Secure communication requires entropy — unpredictable input to the encryption algorithms that convert your message into what seems like a string of gibberish. Entropy is particularly important when generating keypairs, encrypting filesystems, and encrypting communication between processes. Computers use a variety of inputs to provide entropy: network jitter, keyboard and mouse input, purpose-built hardware, and so on. Frequently drawing from the pool of entropy can reduce it to the point where communications are blocked waiting for sufficient entropy. Generally speaking, entropy has two aspects: quality (i.e. how random is the value you get?) and the amount available. The quality of entropy can be increased by seeding it from a quality source of entropy. Higher quality entropy makes better initialization vectors for the Linux Pseudo Random Number Generator (LinuxPRNG). The Ubuntu project offers a publicly-available entropy server. The quantity of entropy (i.e. the value of /proc/sys/kernel/random/entropy_avail) is only increased over time. It is worth noting here Virtual Machines in the cloud are not quite “normal” computers in regards to entropy. Cloud instances lack many of the inputs that a physical machine would have, since they don’t have keyboard and mice attached, and the hypervisor buffers away much of the random jitter of internal hardware. Further, the Xen (Amazon Web Service), KVM (Google Cloud), and HyperV (Microsoft Azure) hypervisors virtualize hardware access to varying degrees which can result in diminished entropy. You need to be aware of the entropy available on your instances and how your code affects that. When writing code, it’s important to minimize the calls to /dev/random for entropy as it blocks until sufficient entropy is available. /dev/urandom...

Cloud providers offer newer, better GPUs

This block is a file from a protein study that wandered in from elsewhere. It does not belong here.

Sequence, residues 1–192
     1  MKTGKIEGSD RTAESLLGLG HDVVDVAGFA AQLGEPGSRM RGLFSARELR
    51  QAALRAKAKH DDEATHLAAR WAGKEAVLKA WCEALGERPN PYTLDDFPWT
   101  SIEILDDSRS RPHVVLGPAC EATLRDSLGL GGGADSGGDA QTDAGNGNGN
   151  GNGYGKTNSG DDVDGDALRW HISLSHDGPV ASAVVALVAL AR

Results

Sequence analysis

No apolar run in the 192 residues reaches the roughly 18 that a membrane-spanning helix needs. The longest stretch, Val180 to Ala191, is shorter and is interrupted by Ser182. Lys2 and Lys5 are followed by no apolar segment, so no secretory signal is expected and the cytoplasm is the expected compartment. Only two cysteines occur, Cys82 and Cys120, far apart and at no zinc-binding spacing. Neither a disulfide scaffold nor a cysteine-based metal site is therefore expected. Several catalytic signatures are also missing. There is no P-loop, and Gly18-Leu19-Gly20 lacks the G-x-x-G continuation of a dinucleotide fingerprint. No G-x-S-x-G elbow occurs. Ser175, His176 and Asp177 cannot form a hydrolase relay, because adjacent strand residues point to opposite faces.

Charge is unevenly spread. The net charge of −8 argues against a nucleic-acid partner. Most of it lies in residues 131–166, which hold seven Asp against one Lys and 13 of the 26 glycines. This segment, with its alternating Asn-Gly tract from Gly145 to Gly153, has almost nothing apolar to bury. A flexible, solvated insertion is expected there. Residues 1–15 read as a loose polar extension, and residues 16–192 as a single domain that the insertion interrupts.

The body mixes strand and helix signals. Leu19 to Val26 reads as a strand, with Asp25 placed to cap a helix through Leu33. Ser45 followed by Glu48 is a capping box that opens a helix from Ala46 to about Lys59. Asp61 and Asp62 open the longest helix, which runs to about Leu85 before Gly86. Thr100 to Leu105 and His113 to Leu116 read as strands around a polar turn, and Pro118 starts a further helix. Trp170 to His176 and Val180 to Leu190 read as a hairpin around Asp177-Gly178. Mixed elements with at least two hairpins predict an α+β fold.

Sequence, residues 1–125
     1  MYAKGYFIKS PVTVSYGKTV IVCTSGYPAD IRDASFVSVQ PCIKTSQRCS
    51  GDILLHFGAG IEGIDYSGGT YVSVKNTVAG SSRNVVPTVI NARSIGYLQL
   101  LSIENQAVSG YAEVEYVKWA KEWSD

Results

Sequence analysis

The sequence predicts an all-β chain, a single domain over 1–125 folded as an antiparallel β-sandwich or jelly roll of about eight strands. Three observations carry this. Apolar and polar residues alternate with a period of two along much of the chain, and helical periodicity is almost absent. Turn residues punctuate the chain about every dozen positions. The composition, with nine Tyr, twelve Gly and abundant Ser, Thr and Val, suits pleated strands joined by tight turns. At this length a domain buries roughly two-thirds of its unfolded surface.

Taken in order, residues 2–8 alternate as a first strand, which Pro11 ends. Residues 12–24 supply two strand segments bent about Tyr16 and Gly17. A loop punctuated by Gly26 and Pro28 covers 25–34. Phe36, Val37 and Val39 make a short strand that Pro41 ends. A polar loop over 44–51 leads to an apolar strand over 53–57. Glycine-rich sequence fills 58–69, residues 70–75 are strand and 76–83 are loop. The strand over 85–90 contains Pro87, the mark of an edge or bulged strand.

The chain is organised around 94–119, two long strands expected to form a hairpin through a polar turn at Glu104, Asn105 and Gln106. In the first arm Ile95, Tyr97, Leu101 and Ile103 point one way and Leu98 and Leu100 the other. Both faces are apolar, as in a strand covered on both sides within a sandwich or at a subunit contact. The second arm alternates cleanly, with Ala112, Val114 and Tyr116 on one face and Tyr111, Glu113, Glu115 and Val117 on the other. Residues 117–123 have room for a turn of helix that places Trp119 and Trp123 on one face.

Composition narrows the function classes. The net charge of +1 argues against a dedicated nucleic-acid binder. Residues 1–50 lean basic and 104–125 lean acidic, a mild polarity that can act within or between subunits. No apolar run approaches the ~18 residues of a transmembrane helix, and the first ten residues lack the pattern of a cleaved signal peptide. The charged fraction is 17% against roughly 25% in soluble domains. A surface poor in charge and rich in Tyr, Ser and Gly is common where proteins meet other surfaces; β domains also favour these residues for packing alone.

Ever since there’s been a public cloud, people have been interested in running jobs on public cloud graphics processing units (GPUs). Amazon Web Services (AWS) became the first to offer this as an option when they announced their first GPU instance type six years ago. GPUs offer considerable performance improvements for some of the most demanding computational workloads. Originally designed to improve the performance of 3D rendering for games, GPUs found a use in big compute due to their ability to perform operations over a set of data rapidly and with a much greater core count than traditional central processing units (CPUs). Workloads that can use a GPU can see a performance improve up to 10-100 times. Two years later, AWS announced an upgraded GPU instance type: the g2 family. AWS does not publish exact capacity or usage numbers, but it’s reasonable to believe that the cg1 instances were sufficiently successful from a business perspective to add the g2s. GPUs are not cheap, so cloud providers won’t keep spending money on them without return. We know that some of our customers were quick to make use of GPU clusters in CycleCloud. But there was a segment of the market that still wasn’t being served. The GPUs in the cg1 and g2 instance families were great for so-called “single precision” floating point operations, but had poor performance for “double precision” operations. Single precision is faster, and is often sufficient for many calculations, particularly graphics rendering and other visualization needs. Computation that requires a higher degree of numerical precision, particularly if exponential calculations are made, need double precision. The GPUs that...